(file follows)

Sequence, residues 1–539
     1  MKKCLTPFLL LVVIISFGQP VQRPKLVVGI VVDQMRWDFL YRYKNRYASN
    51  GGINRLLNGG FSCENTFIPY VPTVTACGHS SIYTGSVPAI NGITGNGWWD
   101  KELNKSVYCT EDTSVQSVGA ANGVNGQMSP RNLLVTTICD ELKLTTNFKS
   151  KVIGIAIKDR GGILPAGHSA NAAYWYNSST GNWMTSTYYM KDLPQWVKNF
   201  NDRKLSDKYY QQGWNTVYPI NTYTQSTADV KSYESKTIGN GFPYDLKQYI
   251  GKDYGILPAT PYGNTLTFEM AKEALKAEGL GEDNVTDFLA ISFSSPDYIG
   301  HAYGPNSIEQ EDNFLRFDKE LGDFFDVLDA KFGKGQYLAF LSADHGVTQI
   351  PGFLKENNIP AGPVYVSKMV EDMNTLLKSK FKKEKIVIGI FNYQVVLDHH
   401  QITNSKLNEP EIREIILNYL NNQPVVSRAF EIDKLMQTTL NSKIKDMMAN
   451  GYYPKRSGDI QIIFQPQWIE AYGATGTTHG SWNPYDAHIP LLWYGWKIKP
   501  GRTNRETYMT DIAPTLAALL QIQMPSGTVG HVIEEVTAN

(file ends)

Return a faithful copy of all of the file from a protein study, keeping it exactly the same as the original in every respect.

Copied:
Sequence, residues 1–539
     1  MKKCLTPFLL LVVIISFGQP VQRPKLVVGI VVDQMRWDFL YRYKNRYASN
    51  GGINRLLNGG FSCENTFIPY VPTVTACGHS SIYTGSVPAI NGITGNGWWD
   101  KELNKSVYCT EDTSVQSVGA ANGVNGQMSP RNLLVTTICD ELKLTTNFKS
   151  KVIGIAIKDR GGILPAGHSA NAAYWYNSST GNWMTSTYYM KDLPQWVKNF
   201  NDRKLSDKYY QQGWNTVYPI NTYTQSTADV KSYESKTIGN GFPYDLKQYI
   251  GKDYGILPAT PYGNTLTFEM AKEALKAEGL GEDNVTDFLA ISFSSPDYIG
   301  HAYGPNSIEQ EDNFLRFDKE LGDFFDVLDA KFGKGQYLAF LSADHGVTQI
   351  PGFLKENNIP AGPVYVSKMV EDMNTLLKSK FKKEKIVIGI FNYQVVLDHH
   401  QITNSKLNEP EIREIILNYL NNQPVVSRAF EIDKLMQTTL NSKIKDMMAN
   451  GYYPKRSGDI QIIFQPQWIE AYGATGTTHG SWNPYDAHIP LLWYGWKIKP
   501  GRTNRETYMT DIAPTLAALL QIQMPSGTVG HVIEEVTAN